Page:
WASHINGTON — Ecuador joined the growing roster of countries backing the Artemis Accords for safe and sustainable space exploration June 21.
In a ceremony at Ecuador’s embassy in Washington, Gustavo Manrique Miranda, Ecuador’s foreign affairs minister, sign the accords in the presence of officials with the U.S. State Department and NASA. Ecuador is the 26th country to sign the Accords and the fourth in Latin America, after Brazil, Colombia and Mexico.
“Signing the Artemis Accords sends a powerful message to the international community that the Ecuadorian government is committed to pursue cutting-edge efforts in technology and is open to innovation, investment, workforce development to promote sustainable growth, and international collaboration to help solve humanity’s greatest challenges,” said Ivonne Baki, Ecuador’s ambassador to the United States, in a statement.
Ecuador does not have a major presence in space, although it does have a space agency established in 2007. One Ecuadorian company, Leviathan Space Industries, has been working to establish a spaceport in the country.
The United States and others who have previously signed the Accords have made it a priority to attract more countries not traditionally seen as space players. In a recent interview, Jennifer Littlejohn, acting assistant secretary of state for oceans and international environmental and scientific affairs, said one working group of member countries, led by Brazil and Poland, was examining how to attract more emerging space nations and overcome any obstacles to them signing.
“The real strength of the Accords is the diversity of the signatory group,” she said. “Although not every country may have the same long-term exploration goals, I think we are working with all signatory countries to find ways to participate meaningfully in the Accords conversation.”
Karen Feldstein, the NASA associate administrator for international and interagency relations who represented the agency at the signing ceremony, offered a similar view. “Ecuador today adds its voice to a diverse and growing set of nations committed to the notion that humanity’s rapid expansion into space, toward the moon and destinations beyond, is peaceful, safe and in full accordance with international law,” she said.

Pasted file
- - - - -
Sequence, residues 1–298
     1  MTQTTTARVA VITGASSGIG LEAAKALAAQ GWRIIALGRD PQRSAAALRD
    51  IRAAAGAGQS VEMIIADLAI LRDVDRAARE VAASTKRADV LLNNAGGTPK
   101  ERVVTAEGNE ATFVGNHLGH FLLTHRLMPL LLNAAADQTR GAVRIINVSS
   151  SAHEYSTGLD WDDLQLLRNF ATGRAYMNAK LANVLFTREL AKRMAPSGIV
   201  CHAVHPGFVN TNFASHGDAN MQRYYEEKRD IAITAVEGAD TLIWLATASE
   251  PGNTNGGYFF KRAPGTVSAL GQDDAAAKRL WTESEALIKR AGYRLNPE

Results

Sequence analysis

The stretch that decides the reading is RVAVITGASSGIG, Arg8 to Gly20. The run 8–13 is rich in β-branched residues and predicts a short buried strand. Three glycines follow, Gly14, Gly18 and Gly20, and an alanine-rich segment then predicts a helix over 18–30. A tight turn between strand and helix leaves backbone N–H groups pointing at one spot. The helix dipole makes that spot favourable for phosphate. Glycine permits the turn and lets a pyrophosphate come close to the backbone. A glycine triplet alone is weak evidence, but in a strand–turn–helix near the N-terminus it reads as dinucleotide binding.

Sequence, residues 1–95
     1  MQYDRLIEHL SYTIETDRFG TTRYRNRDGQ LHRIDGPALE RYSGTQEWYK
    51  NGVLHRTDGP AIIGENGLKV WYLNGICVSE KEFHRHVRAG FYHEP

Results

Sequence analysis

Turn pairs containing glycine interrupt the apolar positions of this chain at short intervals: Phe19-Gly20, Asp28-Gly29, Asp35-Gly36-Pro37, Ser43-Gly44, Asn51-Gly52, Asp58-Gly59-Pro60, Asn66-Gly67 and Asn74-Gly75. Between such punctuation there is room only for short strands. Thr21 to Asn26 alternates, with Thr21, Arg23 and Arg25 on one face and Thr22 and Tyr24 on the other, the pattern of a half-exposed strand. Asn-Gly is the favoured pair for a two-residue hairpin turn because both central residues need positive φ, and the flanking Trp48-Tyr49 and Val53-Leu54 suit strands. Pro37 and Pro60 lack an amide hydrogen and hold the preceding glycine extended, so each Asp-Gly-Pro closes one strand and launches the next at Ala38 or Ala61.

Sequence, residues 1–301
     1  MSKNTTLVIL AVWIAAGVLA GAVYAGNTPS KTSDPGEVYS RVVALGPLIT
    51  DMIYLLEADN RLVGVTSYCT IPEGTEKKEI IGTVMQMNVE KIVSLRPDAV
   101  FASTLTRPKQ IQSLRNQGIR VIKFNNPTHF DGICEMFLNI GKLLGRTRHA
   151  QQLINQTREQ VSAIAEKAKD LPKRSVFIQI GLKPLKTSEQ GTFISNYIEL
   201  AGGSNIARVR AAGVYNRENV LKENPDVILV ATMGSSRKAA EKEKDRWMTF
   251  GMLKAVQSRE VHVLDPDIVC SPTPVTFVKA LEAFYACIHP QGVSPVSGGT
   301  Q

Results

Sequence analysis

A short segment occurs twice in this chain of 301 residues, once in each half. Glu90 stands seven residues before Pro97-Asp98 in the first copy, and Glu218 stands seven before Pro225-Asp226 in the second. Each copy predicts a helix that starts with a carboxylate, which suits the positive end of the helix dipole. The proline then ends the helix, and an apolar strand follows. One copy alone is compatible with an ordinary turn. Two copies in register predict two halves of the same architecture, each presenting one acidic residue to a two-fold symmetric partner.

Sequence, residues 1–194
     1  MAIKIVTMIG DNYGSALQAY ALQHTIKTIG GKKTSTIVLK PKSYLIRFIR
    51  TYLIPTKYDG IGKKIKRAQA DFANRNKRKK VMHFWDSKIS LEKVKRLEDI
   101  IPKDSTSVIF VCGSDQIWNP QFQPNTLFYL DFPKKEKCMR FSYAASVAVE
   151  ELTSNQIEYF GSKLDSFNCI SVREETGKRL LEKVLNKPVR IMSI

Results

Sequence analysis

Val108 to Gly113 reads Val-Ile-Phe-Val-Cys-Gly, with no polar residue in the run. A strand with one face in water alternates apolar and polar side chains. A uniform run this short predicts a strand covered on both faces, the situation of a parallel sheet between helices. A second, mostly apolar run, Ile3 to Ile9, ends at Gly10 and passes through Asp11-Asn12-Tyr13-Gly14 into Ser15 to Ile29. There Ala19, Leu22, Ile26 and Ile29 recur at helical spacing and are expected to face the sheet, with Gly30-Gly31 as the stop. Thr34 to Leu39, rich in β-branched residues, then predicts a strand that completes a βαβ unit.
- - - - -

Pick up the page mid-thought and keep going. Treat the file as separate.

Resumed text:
While the Artemis Accords are closely tied to the NASA-led Artemis lunar exploration campaign, signing the accords does not necessarily commit a country to participating in the effort. Advocates of the accords argue that they outline principles and best practices based on the Outer Space Treaty, a cornerstone of international space law.
“The values that the United States wants to see develop on the moon and hopefully throughout all of outer space are the values that are reflected in the Artemis Accords,” said Emily Pierce, an attorney-adviser in the State Department, during a session of the Summit for Space Sustainability June 14 in New York.
With several countries planning lunar missions, she said, “there was an urgent practical need to start to get countries on the same page regarding operational implementation of several key obligations of the Outer Space Treaty.”
There are still issues that the Artemis Accords have not resolved, such as space resource utilization. That was deliberate, said Mike Gold, chief growth officer at Redwire and a former NASA official who spearheaded development of the Accords in 2020, in order to create a “big tent” of countries that can later resolve such sticking points. “The Accords are the beginning of a conversation,” he said on the conference panel, “not an ending.”